Why You Need to Switch Off
We all recognise the importance of a healthy work-life balance, but many of us still find it hard to switch off, even while we’re on holiday.
A recent survey revealed that while the three main reasons for going on holiday were to spend time with loved ones (50%), to get some rest and relaxation (34%) and to take a break from work (22%), over two thirds (69%) continued to check their work email, with just under half (44%) admitting to checking in once a day or more.
Why do we continue to act in ways that we know are not good for us and what is the impact of a false break vs. a real break on our emotional well-being?
Karunavira, Senior Trainer at the centre for Mindfulness Research & Practice at Bangor University, says:
“Being on constant high alert triggers the stress hormones adrenaline and cortisol. Cortisol normally disappears within five minutes, but the habit of continually checking emails keeps re-triggering its release. Continual presence of cortisol not only subdues our immune system exposing us to illness and muscular problems but also impacts our ability to think clearly and make objective decisions”.
“Holidays are supposed to give our systems time to reset. If we don’t take these periods of rest and recovery, our high alert response to threat becomes our norm and we go into what is called ‘driven mode’. We experience a fear of taking our foot off the gas because we believe it will all collapse. We are enticed from the point of view of safety - it feels safe to be operating at such a pace, we feel effective - but in reality we are not seeing the bigger picture”.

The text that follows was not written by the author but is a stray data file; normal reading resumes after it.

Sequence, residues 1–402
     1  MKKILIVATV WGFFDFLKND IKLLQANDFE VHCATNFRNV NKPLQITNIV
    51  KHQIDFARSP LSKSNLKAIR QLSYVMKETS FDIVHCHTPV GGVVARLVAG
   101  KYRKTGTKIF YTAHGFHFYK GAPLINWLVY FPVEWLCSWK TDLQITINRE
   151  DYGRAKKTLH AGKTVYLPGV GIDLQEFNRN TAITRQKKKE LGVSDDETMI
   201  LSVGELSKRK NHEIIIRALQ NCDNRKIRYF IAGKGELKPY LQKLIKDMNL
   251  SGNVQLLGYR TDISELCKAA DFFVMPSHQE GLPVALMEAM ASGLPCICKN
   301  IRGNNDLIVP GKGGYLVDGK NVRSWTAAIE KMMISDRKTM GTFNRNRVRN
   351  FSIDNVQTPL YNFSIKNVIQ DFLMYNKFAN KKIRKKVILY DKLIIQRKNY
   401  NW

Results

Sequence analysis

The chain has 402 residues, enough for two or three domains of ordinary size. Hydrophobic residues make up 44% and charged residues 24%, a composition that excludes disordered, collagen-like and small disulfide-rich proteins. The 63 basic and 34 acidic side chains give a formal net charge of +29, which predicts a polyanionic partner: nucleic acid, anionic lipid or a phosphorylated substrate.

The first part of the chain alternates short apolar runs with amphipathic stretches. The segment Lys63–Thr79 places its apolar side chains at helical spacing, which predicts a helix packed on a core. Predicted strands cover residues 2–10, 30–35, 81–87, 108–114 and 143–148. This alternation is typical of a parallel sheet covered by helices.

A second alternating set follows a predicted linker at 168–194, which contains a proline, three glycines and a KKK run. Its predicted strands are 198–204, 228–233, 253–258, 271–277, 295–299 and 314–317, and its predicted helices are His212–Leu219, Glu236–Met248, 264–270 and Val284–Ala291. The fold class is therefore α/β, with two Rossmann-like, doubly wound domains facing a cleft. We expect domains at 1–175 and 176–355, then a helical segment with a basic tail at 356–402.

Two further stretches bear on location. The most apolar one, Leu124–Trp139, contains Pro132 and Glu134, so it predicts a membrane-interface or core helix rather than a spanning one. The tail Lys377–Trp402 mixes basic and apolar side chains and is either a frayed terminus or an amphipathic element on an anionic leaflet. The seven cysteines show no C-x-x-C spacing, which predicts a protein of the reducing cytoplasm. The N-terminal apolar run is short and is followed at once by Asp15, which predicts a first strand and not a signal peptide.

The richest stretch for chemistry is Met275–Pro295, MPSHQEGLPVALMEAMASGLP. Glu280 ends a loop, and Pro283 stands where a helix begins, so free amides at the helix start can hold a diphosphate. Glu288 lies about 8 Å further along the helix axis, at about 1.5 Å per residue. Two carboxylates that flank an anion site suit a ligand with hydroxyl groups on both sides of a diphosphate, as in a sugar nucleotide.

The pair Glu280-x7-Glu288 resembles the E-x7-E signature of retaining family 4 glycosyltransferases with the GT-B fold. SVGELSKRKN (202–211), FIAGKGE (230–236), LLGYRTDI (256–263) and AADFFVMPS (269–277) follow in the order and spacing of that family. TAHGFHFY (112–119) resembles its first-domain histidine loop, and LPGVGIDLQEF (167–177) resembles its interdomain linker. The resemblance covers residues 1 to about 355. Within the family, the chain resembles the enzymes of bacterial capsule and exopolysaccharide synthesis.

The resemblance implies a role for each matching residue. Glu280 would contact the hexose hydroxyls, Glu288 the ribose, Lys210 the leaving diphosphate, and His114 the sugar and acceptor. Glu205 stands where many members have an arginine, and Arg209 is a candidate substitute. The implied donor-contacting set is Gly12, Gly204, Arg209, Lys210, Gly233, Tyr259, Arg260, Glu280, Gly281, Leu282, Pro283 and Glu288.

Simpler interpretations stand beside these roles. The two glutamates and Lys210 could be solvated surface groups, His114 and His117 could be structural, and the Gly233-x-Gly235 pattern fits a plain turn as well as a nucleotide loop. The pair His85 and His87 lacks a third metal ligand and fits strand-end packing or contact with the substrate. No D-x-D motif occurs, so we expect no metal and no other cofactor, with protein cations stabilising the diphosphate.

Here are some tips to help you switch off
Literally switch off
Make a commitment to switching off: turn off your phone, leave your device behind and maybe even consider booking somewhere to stay without wi-fi? Feelings of guilt are a common problem when it comes to switching-off on holiday, but removing the option to work will help.
Begin your holiday with a sense of accomplishment and peace of mind by tying up major loose ends before you go. Create a to-do list of achievable tasks and enjoy ticking them off. You’ll set off on holiday ready to recalibrate with your mind out of the office.
Karunavira also stresses the importance of giving responsibility to others: “Good planning will enable you to switch off. Give responsibility to someone else and let go of worrying. That way you are building capacity, both for your work and for yourself.”
If you do need to catch up on some work, dedicate a proper period of the day to it (perhaps when you are most productive?) and take yourself away somewhere. Don’t do two things at once by absentmindedly checking emails on the beach or in restaurants. Make a choice between relaxing and working, divide your time and be disciplined about it.